What Can’t a Will Do for Me?

When it comes to planning for the future, understanding the capabilities and limitations of a last will and testament is crucial. In Annapolis, Maryland, esteemed estate planning attorney Raymond E. Brown often encounters clients with misconceptions about what a will can and cannot do for them. While a last will is a powerful tool that dictates the distribution of your assets after you pass away, it’s important to recognize that it doesn’t cover every aspect of your legacy and affairs. 

In this blog post, our Annapolis will attorneys at The Law Office of Raymond E. Brown explore the common misunderstandings of a will’s limitations and shed light on what happens when a person dies without addressing certain elements that a will simply cannot govern. 

Things a Will Can’t Do

Things a Will Can’t Do

A valid will is undoubtedly a cornerstone of any solid estate planning strategy, serving as a testament to your final wishes for the distribution of your assets. However, its reach has boundaries; there are facets of your estate and end-of-life wishes that a will alone cannot address. To ensure the entirety of an individual’s intentions are honored, additional estate planning documents may be necessary. These instruments work in conjunction with your last will to provide a comprehensive plan that can manage your affairs in the event of incapacity, dictate medical preferences, and safeguard your legacy exactly as you envision.

Below, we’ll touch on some of the things a will cannot do, and what additional estate planning documents you may need if you wish to fulfill these “blanks” that wills may leave in your plan. 

Avoid Probate Court

While a last will is an essential legal document for expressing your wishes, it’s a common misconception that it can help your family members avoid the probate process. In reality, a will is like a roadmap for probate, providing the court with guidance on how to distribute your assets according to your wishes. However, the will itself must be validated by the court, and your entire estate will go through the probate process in Maryland, which can be time-consuming and potentially costly. This process is public, and it can sometimes lead to disputes among heirs, adding stress for family members during an already difficult time.

For those looking to bypass the probate process in Maryland, a Revocable Living Trust is the estate planning document to consider. This tool allows you to transfer your assets into a trust during your lifetime. You maintain control over these assets as the trustee, and upon your death, the property is transferred to your designated beneficiaries by a successor trustee. This transition occurs without the need for probate, allowing for a more private and expedient distribution of your estate, and sparing your family members from the often lengthy and public legal process that is probate.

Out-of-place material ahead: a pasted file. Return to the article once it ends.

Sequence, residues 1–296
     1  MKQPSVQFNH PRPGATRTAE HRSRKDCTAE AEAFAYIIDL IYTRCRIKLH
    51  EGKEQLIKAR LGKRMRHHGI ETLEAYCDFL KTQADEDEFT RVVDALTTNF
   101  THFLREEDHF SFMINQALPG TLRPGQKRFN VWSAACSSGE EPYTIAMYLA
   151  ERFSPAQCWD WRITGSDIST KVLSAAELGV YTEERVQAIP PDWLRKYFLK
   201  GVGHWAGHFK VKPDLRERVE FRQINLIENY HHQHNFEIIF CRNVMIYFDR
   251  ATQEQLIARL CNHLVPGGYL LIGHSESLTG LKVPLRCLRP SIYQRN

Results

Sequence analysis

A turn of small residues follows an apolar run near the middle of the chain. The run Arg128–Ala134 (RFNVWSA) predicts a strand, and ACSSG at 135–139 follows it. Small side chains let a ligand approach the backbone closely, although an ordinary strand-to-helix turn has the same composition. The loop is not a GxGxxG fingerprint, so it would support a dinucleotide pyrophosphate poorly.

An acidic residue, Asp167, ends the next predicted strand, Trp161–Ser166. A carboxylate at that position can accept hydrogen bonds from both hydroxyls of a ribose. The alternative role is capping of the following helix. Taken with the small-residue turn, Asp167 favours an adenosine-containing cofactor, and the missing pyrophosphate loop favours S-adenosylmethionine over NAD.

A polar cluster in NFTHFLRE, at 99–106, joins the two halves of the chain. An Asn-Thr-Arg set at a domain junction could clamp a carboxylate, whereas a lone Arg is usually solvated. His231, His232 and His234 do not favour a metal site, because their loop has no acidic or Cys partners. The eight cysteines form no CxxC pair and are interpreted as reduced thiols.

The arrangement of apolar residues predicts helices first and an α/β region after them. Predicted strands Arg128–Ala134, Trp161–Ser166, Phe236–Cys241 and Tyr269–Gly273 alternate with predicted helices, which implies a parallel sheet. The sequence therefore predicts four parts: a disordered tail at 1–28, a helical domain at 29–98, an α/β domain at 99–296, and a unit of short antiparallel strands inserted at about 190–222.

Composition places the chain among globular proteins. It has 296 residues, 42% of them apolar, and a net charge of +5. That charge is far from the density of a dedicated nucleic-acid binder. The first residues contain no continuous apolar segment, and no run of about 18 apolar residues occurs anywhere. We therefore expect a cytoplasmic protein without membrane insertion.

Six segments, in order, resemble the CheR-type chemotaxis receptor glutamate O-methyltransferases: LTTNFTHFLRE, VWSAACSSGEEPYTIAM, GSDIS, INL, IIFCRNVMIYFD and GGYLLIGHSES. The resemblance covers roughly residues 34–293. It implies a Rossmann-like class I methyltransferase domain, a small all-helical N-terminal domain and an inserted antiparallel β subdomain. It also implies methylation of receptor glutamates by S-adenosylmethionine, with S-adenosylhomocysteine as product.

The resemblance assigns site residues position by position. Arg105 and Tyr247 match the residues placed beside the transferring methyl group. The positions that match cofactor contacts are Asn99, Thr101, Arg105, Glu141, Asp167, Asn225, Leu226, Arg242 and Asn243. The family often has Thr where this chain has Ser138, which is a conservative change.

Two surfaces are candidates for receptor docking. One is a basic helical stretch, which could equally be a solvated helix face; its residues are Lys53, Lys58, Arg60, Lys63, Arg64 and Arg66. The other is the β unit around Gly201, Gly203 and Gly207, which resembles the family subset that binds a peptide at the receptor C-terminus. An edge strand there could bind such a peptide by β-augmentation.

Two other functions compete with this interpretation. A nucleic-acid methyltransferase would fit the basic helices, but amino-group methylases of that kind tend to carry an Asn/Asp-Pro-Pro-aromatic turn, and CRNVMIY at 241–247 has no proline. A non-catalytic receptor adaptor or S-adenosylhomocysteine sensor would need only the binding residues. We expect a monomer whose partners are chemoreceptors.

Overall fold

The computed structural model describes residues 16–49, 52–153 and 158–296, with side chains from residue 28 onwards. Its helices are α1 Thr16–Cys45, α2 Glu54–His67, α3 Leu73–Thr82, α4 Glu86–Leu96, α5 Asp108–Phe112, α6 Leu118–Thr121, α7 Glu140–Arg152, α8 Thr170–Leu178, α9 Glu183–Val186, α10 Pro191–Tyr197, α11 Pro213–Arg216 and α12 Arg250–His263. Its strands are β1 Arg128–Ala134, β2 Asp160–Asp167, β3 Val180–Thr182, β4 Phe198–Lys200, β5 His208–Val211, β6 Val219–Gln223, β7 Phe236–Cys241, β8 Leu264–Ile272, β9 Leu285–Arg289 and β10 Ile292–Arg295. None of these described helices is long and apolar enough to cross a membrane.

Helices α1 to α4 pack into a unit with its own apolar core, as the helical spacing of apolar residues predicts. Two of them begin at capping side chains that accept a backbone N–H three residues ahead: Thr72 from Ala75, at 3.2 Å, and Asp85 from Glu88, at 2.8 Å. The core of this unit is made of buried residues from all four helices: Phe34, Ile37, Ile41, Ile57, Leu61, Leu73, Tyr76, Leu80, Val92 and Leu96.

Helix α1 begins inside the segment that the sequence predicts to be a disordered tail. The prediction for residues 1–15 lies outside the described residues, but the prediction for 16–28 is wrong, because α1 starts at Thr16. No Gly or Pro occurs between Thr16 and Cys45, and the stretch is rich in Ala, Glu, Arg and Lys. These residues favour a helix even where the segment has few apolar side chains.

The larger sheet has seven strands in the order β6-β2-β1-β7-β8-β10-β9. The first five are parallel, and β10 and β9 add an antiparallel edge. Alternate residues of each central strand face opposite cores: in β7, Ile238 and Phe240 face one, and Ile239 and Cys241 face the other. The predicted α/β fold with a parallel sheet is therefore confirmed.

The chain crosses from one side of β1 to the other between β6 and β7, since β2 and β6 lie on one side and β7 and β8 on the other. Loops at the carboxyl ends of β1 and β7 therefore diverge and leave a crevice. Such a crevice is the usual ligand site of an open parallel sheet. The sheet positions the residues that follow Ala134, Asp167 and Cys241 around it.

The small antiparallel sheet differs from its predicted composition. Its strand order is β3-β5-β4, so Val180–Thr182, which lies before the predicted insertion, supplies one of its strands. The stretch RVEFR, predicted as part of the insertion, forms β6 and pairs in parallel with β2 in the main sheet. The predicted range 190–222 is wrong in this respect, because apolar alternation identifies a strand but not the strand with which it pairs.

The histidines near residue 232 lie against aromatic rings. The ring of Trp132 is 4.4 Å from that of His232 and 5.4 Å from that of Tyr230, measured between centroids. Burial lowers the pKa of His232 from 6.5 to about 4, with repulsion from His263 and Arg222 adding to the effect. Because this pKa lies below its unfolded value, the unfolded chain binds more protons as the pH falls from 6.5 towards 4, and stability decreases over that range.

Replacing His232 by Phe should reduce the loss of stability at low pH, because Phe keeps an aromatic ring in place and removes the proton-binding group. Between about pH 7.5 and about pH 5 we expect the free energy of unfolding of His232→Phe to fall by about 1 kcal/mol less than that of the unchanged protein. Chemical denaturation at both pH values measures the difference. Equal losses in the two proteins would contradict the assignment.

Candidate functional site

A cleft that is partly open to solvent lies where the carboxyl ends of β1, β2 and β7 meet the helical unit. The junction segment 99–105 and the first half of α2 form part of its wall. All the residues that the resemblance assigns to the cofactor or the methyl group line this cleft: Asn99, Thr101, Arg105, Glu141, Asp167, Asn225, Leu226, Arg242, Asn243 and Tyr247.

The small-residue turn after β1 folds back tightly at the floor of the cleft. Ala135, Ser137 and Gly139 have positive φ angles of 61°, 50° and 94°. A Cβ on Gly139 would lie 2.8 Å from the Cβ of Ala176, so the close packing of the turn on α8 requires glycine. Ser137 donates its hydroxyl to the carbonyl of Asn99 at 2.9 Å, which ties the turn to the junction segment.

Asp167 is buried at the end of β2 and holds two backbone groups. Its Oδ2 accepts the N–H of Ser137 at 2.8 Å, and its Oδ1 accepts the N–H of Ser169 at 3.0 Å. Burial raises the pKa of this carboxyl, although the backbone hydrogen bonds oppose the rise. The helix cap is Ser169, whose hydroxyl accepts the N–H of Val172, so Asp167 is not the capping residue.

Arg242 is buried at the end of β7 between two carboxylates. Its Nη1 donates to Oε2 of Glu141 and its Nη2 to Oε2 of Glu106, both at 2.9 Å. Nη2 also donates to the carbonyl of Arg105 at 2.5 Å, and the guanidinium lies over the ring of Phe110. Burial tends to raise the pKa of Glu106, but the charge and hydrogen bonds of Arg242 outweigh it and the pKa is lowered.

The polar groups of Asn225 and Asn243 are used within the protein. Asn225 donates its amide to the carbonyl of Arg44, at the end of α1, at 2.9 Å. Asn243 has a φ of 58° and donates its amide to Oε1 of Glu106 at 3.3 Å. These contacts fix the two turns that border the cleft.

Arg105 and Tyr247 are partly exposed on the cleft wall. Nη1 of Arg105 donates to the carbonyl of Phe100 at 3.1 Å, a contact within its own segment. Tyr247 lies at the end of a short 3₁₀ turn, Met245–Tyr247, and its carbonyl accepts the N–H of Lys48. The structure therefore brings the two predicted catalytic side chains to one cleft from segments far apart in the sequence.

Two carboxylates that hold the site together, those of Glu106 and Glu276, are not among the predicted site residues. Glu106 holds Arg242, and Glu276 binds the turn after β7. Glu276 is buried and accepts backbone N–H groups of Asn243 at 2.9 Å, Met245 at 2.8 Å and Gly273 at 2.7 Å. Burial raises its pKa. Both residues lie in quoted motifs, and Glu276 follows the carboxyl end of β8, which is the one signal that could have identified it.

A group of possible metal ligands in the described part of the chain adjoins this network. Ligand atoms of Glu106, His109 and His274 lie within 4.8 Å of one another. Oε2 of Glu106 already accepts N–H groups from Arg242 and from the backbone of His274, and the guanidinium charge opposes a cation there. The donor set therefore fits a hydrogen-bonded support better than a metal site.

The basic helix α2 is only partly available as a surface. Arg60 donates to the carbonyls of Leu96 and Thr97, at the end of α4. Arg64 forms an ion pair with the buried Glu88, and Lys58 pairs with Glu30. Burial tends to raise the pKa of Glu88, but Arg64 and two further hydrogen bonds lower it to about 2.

Avoid or Reduce Estate Tax

In Maryland, as in the rest of the United States, the assets that you leave behind may be subject to estate taxes, depending on the value of your estate. A will itself does not have mechanisms to minimize the impact of these taxes; it simply communicates your wishes for asset distribution. As such, without proper planning, your estate might face a significant financial burden in the form of state and federal estate tax liabilities, potentially diminishing the inheritance you intend for your beneficiaries.

To mitigate the impact of estate taxes and potentially shield your assets from the federal estate tax, it’s advisable to explore other estate planning routes. Trusts, particularly certain types of irrevocable trusts, can be structured to help minimize the estate tax burden. These trusts can remove assets from your taxable estate, thereby reducing the amount subject to estate taxes.

In Maryland, tools like the Credit Shelter Trust, also known as the Family or Bypass Trust, can be used effectively to maximize the use of both spouses’ federal estate tax exemptions, potentially saving a significant amount in taxes. Properly structured and implemented, these estate planning instruments can ensure that more of your legacy goes to your loved ones, rather than to tax payments.

What a Will Can’t Do

Provide for Incapacity

While a will is an invaluable document for outlining your wishes after death, it is not activated until the event of death and offers no directives in cases of incapacity. If you become incapacitated due to illness or injury, your will cannot dictate who should manage your finances, make healthcare decisions on your behalf, or take care of your day-to-day affairs. This gap in planning can leave your loved ones in a difficult position, potentially requiring a court-appointed guardian to make decisions for you, a process that can be both time-consuming and emotionally taxing for family members.

To ensure that your affairs are managed according to your preferences in the event of incapacity, you need to have the appropriate legal documents in place. In Maryland, this typically involves the creation of a Durable Power of Attorney and an Advance Healthcare Directive. A Durable Power of Attorney allows you to appoint an agent to handle your financial matters if you’re unable to do so yourself, while an Advance Healthcare Directive includes a Living Will and a Healthcare Power of Attorney, enabling you to outline your medical treatment preferences and designate someone to make healthcare decisions on your behalf. These documents work together to provide comprehensive protection for your well-being and assets during periods of incapacity, ensuring that your wishes are respected and your loved ones are not burdened with guesswork and legal hurdles.